Mitt Romney, the “Etch-A-Sketch” Flip-Flop candidate, flips again. This time, on “ObamaCare.” Borderline Personality Disorder?
Posted by Warm Southern Breeze on Sunday, September 9, 2012
Given the number of statements which Mitt Romney has made – statements in which he contradicts his own previous statements – it’s more than disconcerting that Mitt Romney has once again switched positions. Late former president Ronald Reagan – then candidate Reagan – once famously intoned while campaigning “there go you again.”
This, however, makes Mitt Romney appear almost schizophrenic, out of touch with reality, incapable of taking a position, constantly changing positions, being a moving target, a reed blown by the wind, wishy-washy, two-faced, hypocritical, liar, indecisive, and more.
“Borderline Personality Disorder (BPD) (according to the ICD-10 World Health Organization disease classification, emotionally unstable personality disorder, borderline type) is a personality disorder marked by a prolonged disturbance of personality function, characterized by unusual variability and depth of moods.”
Those are NOT the qualities America needs in it’s Chief Executive.
Romney backs away from healthcare pledge
By Anna Fifield in Washington
September 9, 2012 6:18 pm
Mitt Romney has said he would keep the most popular parts of Barack Obama’s signature healthcare reforms if elected president, performing an abrupt about-turn on his earlier campaign promise to repeal the whole law.
His comments will reignite suspicions that the Republican presidential candidate is a politician of expediency and likely anger the party’s conservative base, which sees “Obamacare” as a symbol of the big government approach it wants to scrap.
They came as three new national polls showed Mr Obama extending his lead over Mr Romney following last week’s Democratic national convention, suggesting that the president was enjoying the kind of post-convention “bounce” that eluded the Republican.
Gallup’s latest daily poll and the conservative polling firm Rasmussen both gave Mr Obama 49 per cent support among registered voters, while Mr Romney had 45 per cent. A Reuters/Ipsos poll also gave the president a four-point lead, of 47 to 43 per cent.
“The bump is actually happening,” said Julia Clark, an Ipsos pollster. “How big it’ll be and how long it will last remains to be seen.”
Analysts warned that Mr Obama’s lead might be eroded by the latest jobs report, released on Friday, which was worse than expected and showed the continued malaise in the economy.
But Mr Romney continues to make problems for his own campaign.
In an interview on NBC’s Meet the Press on Sunday morning, Mr Romney said: “I’m not getting rid of all of healthcare reform” if elected president in November.
“Of course there are a number of things that I like in healthcare reform that I’m going to put in place,” he said, including making sure that people with pre-existing conditions can get health coverage and allowing family policies to cover dependants until whatever age they choose.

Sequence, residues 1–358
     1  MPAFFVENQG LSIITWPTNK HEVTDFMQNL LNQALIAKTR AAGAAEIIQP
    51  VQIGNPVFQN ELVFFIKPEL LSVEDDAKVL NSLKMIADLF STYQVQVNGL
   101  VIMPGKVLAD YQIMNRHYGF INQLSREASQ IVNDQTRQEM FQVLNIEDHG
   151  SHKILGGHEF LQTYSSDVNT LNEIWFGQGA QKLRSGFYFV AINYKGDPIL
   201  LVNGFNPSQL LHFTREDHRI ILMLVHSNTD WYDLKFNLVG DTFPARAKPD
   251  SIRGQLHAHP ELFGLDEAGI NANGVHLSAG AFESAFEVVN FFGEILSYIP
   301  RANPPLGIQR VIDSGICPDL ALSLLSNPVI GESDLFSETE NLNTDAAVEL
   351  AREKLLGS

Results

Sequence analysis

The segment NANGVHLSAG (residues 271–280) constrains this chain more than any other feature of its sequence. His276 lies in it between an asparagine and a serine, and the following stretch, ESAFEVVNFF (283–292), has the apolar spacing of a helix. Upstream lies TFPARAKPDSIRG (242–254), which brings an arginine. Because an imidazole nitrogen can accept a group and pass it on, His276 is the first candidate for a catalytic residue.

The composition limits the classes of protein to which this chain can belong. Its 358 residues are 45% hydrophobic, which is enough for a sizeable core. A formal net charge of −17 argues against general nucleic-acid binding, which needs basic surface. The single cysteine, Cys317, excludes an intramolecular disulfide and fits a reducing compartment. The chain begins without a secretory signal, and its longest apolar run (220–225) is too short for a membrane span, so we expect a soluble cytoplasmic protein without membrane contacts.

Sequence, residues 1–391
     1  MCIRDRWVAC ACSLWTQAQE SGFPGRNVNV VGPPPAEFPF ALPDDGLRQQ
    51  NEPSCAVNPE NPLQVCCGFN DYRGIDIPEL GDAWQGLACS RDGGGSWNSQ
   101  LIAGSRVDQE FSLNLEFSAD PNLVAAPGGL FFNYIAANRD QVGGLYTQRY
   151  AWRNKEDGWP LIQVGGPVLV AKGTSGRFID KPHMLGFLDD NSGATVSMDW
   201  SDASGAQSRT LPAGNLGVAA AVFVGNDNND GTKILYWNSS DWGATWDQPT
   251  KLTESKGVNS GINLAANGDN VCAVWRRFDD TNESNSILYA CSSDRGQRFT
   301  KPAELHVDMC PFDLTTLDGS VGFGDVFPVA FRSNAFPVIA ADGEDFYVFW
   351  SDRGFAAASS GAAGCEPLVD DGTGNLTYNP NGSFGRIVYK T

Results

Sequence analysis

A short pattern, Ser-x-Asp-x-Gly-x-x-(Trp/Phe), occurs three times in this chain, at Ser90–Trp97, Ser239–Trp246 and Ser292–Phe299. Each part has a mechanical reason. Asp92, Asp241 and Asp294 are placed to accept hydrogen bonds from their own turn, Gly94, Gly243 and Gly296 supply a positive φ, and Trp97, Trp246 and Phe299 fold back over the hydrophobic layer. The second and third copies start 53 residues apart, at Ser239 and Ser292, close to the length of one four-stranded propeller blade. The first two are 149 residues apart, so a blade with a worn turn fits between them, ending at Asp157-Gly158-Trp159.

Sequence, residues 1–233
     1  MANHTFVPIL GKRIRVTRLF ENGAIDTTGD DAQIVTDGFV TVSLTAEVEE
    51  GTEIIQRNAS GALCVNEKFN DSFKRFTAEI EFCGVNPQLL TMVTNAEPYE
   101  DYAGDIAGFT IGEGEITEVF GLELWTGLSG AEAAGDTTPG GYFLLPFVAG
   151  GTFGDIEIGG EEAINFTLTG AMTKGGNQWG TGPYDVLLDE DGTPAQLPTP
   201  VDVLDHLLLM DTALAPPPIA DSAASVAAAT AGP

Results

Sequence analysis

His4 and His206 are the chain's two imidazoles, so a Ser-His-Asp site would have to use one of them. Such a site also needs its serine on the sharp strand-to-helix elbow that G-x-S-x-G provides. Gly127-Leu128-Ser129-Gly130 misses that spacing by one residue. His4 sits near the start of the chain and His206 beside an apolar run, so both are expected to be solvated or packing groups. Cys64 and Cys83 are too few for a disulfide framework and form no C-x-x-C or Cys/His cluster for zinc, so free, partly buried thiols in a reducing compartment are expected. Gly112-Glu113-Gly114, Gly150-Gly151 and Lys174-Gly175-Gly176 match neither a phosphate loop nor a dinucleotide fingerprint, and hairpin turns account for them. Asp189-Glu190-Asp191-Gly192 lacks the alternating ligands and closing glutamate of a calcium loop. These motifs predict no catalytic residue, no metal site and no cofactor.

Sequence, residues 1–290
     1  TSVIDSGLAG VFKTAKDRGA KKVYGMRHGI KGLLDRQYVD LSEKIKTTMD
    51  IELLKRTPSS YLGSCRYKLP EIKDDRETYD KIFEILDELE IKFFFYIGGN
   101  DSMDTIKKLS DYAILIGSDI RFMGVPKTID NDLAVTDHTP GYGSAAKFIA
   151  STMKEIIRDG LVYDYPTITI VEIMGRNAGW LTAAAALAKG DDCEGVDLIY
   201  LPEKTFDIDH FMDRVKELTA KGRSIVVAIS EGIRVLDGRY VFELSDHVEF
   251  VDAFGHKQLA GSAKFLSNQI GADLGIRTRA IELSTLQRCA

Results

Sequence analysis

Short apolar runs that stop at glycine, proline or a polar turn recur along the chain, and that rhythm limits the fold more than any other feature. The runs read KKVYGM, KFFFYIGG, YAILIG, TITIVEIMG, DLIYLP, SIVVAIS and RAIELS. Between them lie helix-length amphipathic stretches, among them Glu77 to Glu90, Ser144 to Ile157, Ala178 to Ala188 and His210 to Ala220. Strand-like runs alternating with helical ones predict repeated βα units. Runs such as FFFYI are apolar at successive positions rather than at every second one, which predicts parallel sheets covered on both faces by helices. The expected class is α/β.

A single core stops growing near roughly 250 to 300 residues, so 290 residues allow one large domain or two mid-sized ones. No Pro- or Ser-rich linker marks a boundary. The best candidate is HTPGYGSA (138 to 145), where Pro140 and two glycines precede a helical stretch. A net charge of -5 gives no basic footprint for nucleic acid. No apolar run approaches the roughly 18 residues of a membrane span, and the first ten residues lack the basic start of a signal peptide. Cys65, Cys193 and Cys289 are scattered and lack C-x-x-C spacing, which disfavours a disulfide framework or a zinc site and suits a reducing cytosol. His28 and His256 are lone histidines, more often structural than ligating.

“I also want individuals to be able to buy insurance . . . on their own,” he said.
These are all key components of, or close variations on, Mr Obama’s healthcare reforms enacted in 2010.
The most controversial part of Mr Obama’s law is the “individual mandate”, which requires almost all Americans to buy health insurance or pay a penalty. When critics attack the law, it is usually the mandate they are objecting to, as many of the other provisions are popular across the political spectrum.
Mr Romney will open himself to further accusations of “flip-flopping” with the comments.
As governor of Massachusetts, he enacted a healthcare plan that became the blueprint for Mr Obama’s reforms. Given conservative opposition to Mr Obama’s law, Mr Romney has since said he never intended it to be a model for a federal plan and has repeatedly vowed to repeal “Obamacare”.
On Meet the Press, however, he suggested that he would keep many aspects of the law.
“I say we’re going to replace Obamacare,” Mr Romney said. “And I’m replacing it with my own plan. And even in Massachusetts when I was governor, our plan there deals with pre-existing conditions and with young people.”
Mr Romney was also challenged about declining to mention the war in Afghanistan in his convention speech, an omission which commentators on both the right and left have criticised him for.
“I find it interesting that people are curious about mentioning words in a speech as opposed to policy,” Mr Romney said, adding that he mentioned the war in Afghanistan in a speech to the American Legion just before the convention.
Told that that speech did not have the same audience as the convention, Mr Romney replied: “You know, what I’ve found is that wherever I go I am speaking to tens of millions of people. Everything I say is picked up by you and by others and that’s the way it ought to be.”
Mr Romney also said that he had been to Afghanistan and the troops “know of my commitment”.